You can do this same thing for every bill you receive. Simply review the bill when you receive it. Check to make sure that you have been charge the correct amount. If the charges do not reflect the appropriate amount for a medical service, you should phone them and have it corrected. You will need to have a copy of your medical records and your insurance company’s explanation of benefits.

Seek Preventative Care

Use every preventative care program or resource available to you to maintain your health. Visit the doctor as soon as you feel ill. Small health issues can grow quickly into serious conditions. Accept it as soon as your doctor suggests medicine or a procedure that could hold off the development of a larger issue.

Opt for Generic and Test Drugs

Choose the generic version of drugs. These typically cost less than branded drugs. If an over-the-counter version exists, you can try it, too, to save money. Also, inquire about test medications. You may be able to enter a drug trial that lets you obtain free or extremely low cost medications. This can cut down on or completely eradicate one of the largest medical bills you could incur.

Open a Health Savings Account

If you do not already have a health savings account, open an account. You can auto-deposit funds into it on a monthly basis as a pre-tax withdrawal. You can also invest the money in the account so it grows. If you start saving now, by the time a medical emergency rolls around, you have a ready made store of funds.

Persistently Haggle the Medical Bills Down in Price

Find out what the cheapest charges are for the medical service you received. Typically, that is the cost provided to those with insurance. Even if you do not have insurance, you can haggle your bill down in cost. Negotiate with your hospital or doctor’s office, or even your health insurer to reduce the costs. Negotiate with the medical billing manager. They are capable of fixing bill errors or negotiating a discount. Try using the following to document your request for a discounted bill:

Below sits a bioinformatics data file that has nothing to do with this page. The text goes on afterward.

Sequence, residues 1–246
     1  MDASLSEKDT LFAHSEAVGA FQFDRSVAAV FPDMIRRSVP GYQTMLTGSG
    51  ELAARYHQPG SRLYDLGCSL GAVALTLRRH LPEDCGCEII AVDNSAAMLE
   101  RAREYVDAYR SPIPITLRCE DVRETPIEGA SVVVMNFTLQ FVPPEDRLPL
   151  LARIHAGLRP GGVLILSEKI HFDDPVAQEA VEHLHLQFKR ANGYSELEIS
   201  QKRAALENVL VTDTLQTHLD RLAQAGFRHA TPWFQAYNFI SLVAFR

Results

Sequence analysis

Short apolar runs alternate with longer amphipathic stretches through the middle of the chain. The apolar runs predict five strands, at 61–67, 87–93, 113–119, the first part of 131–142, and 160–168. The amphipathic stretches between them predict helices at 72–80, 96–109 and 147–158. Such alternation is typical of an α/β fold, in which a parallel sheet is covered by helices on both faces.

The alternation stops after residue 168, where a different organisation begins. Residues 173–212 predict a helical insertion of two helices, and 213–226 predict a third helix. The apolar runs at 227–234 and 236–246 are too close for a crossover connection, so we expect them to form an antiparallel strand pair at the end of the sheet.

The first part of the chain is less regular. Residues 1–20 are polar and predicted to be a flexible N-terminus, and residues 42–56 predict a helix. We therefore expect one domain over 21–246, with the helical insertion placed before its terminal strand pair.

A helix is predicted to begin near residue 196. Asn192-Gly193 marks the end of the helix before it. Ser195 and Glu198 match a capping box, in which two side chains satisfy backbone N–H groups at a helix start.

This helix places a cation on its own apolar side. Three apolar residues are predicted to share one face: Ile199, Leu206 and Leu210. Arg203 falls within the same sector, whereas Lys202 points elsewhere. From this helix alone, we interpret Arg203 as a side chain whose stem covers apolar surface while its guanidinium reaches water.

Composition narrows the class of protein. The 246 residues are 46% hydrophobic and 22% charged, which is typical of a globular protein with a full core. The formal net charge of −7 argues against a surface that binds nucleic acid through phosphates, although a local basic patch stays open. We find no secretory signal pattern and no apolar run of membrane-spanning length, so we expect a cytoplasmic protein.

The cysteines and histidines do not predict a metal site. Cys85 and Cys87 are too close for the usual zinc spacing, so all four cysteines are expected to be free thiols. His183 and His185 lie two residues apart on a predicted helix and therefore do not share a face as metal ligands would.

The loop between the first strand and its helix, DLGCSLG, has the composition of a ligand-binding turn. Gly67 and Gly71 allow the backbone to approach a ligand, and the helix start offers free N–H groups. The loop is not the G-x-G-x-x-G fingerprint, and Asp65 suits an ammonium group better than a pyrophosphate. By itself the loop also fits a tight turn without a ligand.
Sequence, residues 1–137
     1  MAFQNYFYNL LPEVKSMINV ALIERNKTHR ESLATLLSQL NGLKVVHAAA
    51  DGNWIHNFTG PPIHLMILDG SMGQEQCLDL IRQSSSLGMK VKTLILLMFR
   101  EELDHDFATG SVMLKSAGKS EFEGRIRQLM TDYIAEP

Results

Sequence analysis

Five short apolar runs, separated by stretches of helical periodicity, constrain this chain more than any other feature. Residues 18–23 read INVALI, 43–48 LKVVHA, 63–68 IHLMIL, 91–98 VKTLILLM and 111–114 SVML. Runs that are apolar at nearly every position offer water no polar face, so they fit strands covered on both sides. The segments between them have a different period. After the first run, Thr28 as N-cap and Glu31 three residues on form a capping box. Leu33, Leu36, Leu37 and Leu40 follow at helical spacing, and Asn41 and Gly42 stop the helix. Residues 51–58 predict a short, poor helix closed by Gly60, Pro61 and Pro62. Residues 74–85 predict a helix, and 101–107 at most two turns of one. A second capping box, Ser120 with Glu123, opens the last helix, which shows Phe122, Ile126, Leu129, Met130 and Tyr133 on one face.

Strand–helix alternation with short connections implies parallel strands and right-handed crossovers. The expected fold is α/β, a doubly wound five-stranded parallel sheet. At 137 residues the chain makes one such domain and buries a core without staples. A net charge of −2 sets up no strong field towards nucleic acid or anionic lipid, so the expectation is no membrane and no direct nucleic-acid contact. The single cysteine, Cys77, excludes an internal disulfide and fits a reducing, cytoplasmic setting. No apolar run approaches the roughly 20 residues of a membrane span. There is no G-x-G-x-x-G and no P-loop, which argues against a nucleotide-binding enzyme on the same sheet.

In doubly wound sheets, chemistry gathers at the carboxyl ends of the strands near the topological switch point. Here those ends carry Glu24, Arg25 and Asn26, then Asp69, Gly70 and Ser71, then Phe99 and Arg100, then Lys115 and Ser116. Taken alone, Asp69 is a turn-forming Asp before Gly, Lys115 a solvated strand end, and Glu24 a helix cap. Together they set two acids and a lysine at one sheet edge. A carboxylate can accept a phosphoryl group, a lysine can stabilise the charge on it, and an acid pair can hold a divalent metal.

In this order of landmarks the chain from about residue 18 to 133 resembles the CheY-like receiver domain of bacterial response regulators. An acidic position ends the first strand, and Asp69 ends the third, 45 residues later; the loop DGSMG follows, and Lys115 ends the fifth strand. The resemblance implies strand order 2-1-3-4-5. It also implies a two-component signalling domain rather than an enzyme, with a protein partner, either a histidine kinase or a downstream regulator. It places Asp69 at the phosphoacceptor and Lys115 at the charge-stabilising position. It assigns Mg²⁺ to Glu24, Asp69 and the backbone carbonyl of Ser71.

• phone calls,
  • faxes,
  • emails,
  • letter.

When the doctor or hospital agrees to a lower rate, get a copy of the agreement in writing.

Crowdfunding to Pay Medical Bills

Sure, you’ve seen such things listed on crowdfunding sites like GiveForward. You can do this, too. There’s no reason you can’t ask for help. Do it right though. You need to be able to prove you really do have the medical bill. Most people only donate to the causes they find that are genuine. Crowdfunding, the process of gathering many donations from a large group of people in support of a need or cause, can help you to pay the medical bill quickly. Most websites that let you crowdfund charge a small percentage for administration fees. Some let you access funds even if you do not raise your goal amount, others let you have partial funds. Look for crowdfunding platforms with a strong social media presence that share campaigns virally. Also, share it to your own Facebook, Twitter, etc.

Apply for Assistance